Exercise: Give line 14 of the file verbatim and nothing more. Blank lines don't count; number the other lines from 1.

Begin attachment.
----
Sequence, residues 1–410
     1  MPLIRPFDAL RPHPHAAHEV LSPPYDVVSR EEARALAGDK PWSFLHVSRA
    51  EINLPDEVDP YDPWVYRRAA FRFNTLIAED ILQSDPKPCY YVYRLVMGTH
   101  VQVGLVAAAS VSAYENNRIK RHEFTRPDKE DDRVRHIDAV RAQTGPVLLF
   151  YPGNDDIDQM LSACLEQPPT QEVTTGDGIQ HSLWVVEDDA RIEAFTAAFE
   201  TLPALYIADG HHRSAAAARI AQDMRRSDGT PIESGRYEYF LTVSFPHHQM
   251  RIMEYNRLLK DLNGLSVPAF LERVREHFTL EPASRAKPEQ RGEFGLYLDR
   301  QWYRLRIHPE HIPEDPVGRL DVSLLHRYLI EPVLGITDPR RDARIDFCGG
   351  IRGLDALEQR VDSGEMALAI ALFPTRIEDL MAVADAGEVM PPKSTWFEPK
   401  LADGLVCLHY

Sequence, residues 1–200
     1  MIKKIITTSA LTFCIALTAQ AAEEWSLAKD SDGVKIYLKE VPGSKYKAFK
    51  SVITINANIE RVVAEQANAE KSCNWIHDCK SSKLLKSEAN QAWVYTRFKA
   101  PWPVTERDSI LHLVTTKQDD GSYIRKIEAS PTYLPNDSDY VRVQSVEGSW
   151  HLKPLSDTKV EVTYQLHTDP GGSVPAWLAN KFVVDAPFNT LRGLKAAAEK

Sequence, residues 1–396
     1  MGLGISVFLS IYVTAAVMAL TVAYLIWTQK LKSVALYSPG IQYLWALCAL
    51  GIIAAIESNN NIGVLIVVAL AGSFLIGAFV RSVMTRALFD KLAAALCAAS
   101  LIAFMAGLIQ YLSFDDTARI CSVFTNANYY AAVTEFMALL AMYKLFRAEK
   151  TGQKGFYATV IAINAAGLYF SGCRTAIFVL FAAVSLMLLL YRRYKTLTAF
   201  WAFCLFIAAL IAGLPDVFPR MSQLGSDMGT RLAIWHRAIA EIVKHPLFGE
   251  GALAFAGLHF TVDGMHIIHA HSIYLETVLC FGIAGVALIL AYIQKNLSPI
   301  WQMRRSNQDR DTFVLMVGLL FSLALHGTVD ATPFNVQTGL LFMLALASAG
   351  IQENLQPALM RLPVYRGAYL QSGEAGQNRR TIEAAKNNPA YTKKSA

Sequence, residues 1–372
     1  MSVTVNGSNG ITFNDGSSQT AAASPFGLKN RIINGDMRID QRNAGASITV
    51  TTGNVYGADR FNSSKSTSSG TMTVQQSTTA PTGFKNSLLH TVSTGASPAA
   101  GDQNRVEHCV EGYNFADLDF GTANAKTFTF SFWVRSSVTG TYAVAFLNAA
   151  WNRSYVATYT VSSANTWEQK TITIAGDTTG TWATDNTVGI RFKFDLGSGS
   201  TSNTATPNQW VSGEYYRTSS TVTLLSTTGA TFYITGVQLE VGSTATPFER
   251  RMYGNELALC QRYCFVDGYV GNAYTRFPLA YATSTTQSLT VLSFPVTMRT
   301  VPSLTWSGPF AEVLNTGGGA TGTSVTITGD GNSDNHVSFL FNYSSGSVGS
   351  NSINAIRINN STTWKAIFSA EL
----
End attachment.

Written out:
   101  PWPVTERDSI LHLVTTKQDD GSYIRKIEAS PTYLPNDSDY VRVQSVEGSW